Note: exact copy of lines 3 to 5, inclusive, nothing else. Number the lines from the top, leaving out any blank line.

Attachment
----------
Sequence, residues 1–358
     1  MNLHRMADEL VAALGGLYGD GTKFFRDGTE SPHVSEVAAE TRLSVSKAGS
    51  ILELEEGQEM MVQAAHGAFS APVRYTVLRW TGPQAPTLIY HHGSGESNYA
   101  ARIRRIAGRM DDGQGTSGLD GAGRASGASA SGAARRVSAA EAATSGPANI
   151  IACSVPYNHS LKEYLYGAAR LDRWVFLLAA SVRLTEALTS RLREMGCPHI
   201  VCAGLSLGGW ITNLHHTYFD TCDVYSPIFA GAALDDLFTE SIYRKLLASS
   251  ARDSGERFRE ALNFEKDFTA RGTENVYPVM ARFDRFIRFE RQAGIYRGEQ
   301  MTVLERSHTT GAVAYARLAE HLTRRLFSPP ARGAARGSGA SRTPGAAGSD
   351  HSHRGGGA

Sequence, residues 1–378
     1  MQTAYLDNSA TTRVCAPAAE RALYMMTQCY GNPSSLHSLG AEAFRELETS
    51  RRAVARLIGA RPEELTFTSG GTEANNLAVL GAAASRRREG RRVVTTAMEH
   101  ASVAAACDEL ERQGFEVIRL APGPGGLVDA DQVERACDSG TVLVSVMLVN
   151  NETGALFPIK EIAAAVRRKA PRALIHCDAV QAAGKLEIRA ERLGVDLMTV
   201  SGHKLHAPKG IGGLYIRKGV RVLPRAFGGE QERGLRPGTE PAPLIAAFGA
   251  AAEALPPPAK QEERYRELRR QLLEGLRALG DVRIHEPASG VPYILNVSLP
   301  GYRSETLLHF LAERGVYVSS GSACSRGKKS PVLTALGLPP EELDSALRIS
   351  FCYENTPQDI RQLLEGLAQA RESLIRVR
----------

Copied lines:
    51  ILELEEGQEM MVQAAHGAFS APVRYTVLRW TGPQAPTLIY HHGSGESNYA
   101  ARIRRIAGRM DDGQGTSGLD GAGRASGASA SGAARRVSAA EAATSGPANI
   151  IACSVPYNHS LKEYLYGAAR LDRWVFLLAA SVRLTEALTS RLREMGCPHI